Archive for Peter Sellers

Snarl-Up

Posted in FILM, MUSIC with tags , , , , , , , , , on February 9, 2018 by dcairns

Orson Welles may have called John Guillermin “one of the truly outstanding incompetents” and a viewing of the Franco-Anglo-Irish director’s KING KONG movies might seem to bear that out, but I can’t help but feel there’s some merit there, in the earlier works, indicating that while some are born incompetent, others go on to achieve incompetence.

My late friend Lawrie knew Guillermin quite well. On noticing one of the maestro’s lesser works, EL CONDOR, in his Radio Times, I started to read the synopsis: “Slick, nasty and superficial…” “That’s John!” declared Lawrie jubilantly, but with a certain affectionate indulgence.

Talking Pictures TV kindly screened NEVER LET GO (1960), an earlier Guillermin, from when he had B-picture zest. It’s certainly slick, nasty and superficial, but it’s also very effective. Fiona was WILDLY enthusiastic about it. It has no really appealing characters, but it’s relentless, event-packed, and looks and sounds great, thanks to Powell & Pressburger photographer Christopher Challis and new composer on the block John Barry. But what really tips it over the edge is a ferocious performance by Peter Sellers, another of Orson’s favourite people (“Where’s our thin friend today?”) in, I believe, his first serious role.

Richard Todd plays a cosmetics salesman whose car is stolen by a gang of hoodlums led by Adam Faith (the best pop-star actor, I’d say, and a uniquely naturalistic one — he’s also fantastic in BEAT GIRL, the other great Barry-scored exploitation romp of 1960. Todd has staked his whole future on this uninsured Ford Anglia, and slowly transforms from a meek, bespectacled underdog (he’s worked out a very good, unassuming/defeated WALK) to a would-be Paul Kersey, bristling at Scotland Yard’s slow-but-sure investigation and taking the fight to the “legitimate businessman,” Sellers, who deals in hot vehicles.

There’s also good work by Carol White, the Battersea Bardot, in a somewhat thankless early role. Faith gets to alternately menace and be menaced, whereas White is entirely put-upon, a care home girl Sellers has taken as mistress, installing her in a downmarket shagging palace and leering over her with panting, bared-teeth menace. It’s an electrifying performance from him: when an actor goes all-out to be repellant, and has such resources, the effect is overwhelming. Guillermin’s dramatic low angles emphasise the pudginess of Sellers’ “jawline,” while the actor makes full use of his thin lips and sharp little teeth to suggest the lurking sadism of this mediocre criminal. He also plays it with a suppressed northern accent, hinting at the character’s social aspirations, along with his constant reiteration that he’s got a “legitimate business.”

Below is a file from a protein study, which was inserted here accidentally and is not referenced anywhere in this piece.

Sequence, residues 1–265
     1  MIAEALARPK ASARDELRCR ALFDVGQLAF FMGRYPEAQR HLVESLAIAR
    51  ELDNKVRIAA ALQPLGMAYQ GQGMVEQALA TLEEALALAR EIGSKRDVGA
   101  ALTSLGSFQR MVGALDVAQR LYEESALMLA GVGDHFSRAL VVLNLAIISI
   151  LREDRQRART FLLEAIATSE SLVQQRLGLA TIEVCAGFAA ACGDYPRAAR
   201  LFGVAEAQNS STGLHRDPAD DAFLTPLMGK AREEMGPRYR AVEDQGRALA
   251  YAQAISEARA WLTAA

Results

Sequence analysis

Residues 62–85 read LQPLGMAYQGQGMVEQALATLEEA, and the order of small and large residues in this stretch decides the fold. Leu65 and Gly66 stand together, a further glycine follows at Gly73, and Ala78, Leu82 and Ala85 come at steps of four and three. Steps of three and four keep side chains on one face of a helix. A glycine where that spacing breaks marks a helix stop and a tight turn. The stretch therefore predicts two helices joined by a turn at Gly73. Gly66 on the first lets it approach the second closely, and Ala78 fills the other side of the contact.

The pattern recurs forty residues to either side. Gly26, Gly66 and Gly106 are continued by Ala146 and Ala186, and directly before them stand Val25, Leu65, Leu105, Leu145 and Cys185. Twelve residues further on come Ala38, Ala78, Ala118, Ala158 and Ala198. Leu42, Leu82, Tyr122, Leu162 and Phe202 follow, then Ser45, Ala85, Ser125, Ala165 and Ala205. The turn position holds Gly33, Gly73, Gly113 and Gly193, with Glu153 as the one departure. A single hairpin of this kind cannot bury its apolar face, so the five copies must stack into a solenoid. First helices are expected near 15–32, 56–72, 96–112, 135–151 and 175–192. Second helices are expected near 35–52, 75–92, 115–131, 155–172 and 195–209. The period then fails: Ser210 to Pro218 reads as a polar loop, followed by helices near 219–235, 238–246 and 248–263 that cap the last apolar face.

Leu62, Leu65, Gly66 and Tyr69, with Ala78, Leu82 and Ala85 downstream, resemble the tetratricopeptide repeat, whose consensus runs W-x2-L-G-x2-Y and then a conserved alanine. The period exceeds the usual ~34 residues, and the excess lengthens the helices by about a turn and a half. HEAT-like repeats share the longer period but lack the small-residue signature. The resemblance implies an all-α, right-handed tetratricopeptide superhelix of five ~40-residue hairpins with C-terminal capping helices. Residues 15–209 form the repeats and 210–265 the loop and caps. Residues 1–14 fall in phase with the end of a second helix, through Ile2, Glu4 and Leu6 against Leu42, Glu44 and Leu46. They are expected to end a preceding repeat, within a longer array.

“I know the term ‘fight in a warehouse’ is supposed to be pejorative…” said Fiona, as Todd and Sellers try to tear each other apart in a garage at the end. The whole place is a death trap, with big jeroboams of battery acid (never used: just planted there to terrify us) a descending car platform that threatens to crush Todd’s skull, chains and crowbars and planks with nails in…

If the film was as tough as it thinks it is, Todd’s car would have been totally trashed in the fight, Sellers would have been killed, and our vigilante hero would have been jailed for murder — instead, Sellers is only stunned, then arrested, and Todd goes home to his wife. But the happy ending is pretty crazy, considering the number of crimes he’s blatantly committed, and which the Yard has decided to sympathetically overlook. Still, at this stage in John Barry’s career, a filmmaker could do just about anything if he had that guy’s music to paper over the narrative cracks.

Yes.

Posted in FILM, MUSIC with tags , , , , , on March 21, 2017 by dcairns

New video essay written by me and edited by Stephen Horne. Part of our series for Criterion, Anatomy of a Gag (previous installments on Tati and Etaix).

This one is on Hal Ashby’s BEING THERE, new to the Collection. Hope you enjoy!

The Big Dead One

Posted in FILM, Politics with tags , , , , , , , , , , , , , on April 20, 2015 by dcairns

vlcsnap-2015-04-16-22h39m31s229